What it takes to be an independent consultant?

Losing the suit and the daily grind

In January this year, after 17 years in the corporate world, I hung up my suit and donned my new entrepreneurial apparel (i.e. shirt, chinos and blazer). I started running my start-up MEETIG8 on a full time basis. MEETIG8 is an online marketplace for risk and compliance independent specialists. This new job comes with lots of meetings and coffees with people interested in signing up to MEETIG8, either as a Specialist or Client on the platform.

The questions I get all the time

In the last four months, I have met with numerous risk and compliance professionals who are still in the corporate world and contemplating becoming an independent consultant. The most frequently asked questions I get were:

How do I move out of my corporate full-time role and become an independent consultant?

How can I get a steady flow of jobs to warrant leaving my full-time role?

People who want to break out of the mould

The people who asked me these questions were mostly professionals still traversing on the corporate treadmill. They have spent between 8 and 20+ years in their corporate jobs and were mostly senior managers and upwards.

Conditioning of the ‘corporate’ mind and getting off the beaten path

While these professionals are experts in navigating through their daily routines and corporate politics, they are pretty novice when it comes to deciding whether to take the leap to becoming an independent consultant. (I actually prefer the term ‘specialist’, so will use the term ‘independent specialist’ from hereon)

They simply don’t know what to think and how to weigh things up. I don’t blame them, I was in their shoes a year ago and had to learn many things for the first time myself. Our minds have been conditioned to be within the square and anything outside of the square is new and it takes time to form a new thinking and to adjust. Anyhow, it’s off the beaten path, so it does involve facing some fear and overcoming some hurdles in the mind.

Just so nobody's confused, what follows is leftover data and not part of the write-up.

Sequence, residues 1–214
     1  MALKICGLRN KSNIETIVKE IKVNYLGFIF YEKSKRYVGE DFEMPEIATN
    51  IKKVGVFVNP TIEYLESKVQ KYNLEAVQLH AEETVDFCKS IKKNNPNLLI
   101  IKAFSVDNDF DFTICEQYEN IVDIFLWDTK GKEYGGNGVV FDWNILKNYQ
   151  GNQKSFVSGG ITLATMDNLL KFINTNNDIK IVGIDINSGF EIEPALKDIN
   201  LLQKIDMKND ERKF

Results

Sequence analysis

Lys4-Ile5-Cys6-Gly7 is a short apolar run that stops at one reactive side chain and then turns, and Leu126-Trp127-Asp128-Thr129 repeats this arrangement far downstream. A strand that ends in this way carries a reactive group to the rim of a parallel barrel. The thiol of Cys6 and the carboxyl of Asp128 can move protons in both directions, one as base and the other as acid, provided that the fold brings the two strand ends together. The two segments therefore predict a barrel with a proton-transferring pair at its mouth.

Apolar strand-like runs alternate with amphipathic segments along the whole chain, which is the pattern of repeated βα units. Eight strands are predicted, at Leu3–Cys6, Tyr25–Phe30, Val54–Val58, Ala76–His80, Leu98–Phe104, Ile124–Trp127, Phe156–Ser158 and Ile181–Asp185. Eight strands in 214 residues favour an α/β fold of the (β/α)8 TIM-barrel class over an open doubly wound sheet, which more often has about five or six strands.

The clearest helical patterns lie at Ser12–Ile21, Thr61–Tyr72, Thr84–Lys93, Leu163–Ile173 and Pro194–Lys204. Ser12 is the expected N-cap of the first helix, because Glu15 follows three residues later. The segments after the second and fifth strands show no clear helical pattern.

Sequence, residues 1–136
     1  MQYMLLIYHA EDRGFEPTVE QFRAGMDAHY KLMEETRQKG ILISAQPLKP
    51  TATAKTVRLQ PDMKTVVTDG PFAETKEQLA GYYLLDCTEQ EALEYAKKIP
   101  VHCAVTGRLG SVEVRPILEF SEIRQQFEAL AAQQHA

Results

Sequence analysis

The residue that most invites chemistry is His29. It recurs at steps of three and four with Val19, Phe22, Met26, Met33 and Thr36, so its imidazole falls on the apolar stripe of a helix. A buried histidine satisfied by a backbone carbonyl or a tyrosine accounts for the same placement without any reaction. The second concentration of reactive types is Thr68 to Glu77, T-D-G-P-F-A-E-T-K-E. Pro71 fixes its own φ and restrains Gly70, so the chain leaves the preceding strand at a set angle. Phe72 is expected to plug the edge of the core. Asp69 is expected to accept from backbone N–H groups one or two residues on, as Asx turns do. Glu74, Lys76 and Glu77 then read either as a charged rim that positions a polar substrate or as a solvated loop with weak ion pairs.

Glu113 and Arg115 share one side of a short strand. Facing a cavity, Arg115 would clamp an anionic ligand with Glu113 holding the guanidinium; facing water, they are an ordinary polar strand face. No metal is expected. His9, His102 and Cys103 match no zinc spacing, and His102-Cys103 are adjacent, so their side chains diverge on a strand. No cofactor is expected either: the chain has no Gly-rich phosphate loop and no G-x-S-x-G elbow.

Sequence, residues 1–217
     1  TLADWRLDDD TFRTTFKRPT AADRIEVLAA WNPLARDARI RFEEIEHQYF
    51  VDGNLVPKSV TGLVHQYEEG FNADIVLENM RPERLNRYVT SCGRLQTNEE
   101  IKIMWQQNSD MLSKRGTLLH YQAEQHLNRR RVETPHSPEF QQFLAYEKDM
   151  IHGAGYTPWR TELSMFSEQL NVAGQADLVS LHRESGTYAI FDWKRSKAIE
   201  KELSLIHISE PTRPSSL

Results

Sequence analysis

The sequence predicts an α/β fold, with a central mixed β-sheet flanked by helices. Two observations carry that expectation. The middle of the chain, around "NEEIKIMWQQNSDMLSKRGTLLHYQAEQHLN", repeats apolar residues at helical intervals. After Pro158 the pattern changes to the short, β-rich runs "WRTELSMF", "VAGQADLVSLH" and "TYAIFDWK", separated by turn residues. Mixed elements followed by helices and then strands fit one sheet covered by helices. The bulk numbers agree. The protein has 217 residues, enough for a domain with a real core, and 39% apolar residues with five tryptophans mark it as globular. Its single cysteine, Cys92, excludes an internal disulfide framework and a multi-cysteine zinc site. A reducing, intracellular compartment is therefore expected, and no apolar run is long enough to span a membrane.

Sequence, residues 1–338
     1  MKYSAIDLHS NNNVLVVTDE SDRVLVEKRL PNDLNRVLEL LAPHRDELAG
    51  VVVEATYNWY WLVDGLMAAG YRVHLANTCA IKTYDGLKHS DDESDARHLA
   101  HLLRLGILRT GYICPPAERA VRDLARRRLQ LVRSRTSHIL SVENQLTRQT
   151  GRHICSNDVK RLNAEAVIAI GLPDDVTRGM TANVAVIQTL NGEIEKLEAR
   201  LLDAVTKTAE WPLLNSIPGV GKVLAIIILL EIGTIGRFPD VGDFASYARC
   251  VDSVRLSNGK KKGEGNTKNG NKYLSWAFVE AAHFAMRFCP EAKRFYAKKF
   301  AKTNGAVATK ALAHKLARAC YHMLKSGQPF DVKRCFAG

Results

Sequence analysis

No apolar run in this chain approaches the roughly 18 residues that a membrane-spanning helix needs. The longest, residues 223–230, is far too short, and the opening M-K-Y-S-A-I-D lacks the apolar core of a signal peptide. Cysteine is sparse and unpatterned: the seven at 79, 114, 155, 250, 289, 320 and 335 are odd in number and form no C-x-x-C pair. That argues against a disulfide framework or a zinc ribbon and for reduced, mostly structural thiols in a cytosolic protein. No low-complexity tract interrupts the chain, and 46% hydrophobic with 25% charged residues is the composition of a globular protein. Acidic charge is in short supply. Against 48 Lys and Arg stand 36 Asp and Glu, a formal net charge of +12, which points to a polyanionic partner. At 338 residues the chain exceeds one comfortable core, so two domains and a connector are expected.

After having answered those two questions many times in the past months, I have become a little bit of an expert. I thought I’d write a blog post here on the topic and include a “checklist” of what to consider before taking the leap.

Please note these are my personal views, opinions and they are based on my own experience (see disclaimer at the end of the blog post).

Checklist – for aspiring independent specialists

(1) Do I have sufficient experience?

Unless you have at least 5 years experience and in a managerial position, keep clocking that experience until you have solid expertise in your chosen field. This will give you credibility with clients. Bench time is king!

(2) Am I financially able to handle an uncertain cashflow?

This is usually a challenge in the first year as an independent specialist, as it takes time to establish relationships with clients, win work and to build a steady flow of work.

A lot of it, at the early stage, is about sowing the seeds.

Work out whether you have adequate savings to meet financial commitments (e.g. home loan repayments, credit card payments, household expenses, etc), for at least 6 to 12 months (or for whatever timeframe you set for yourself).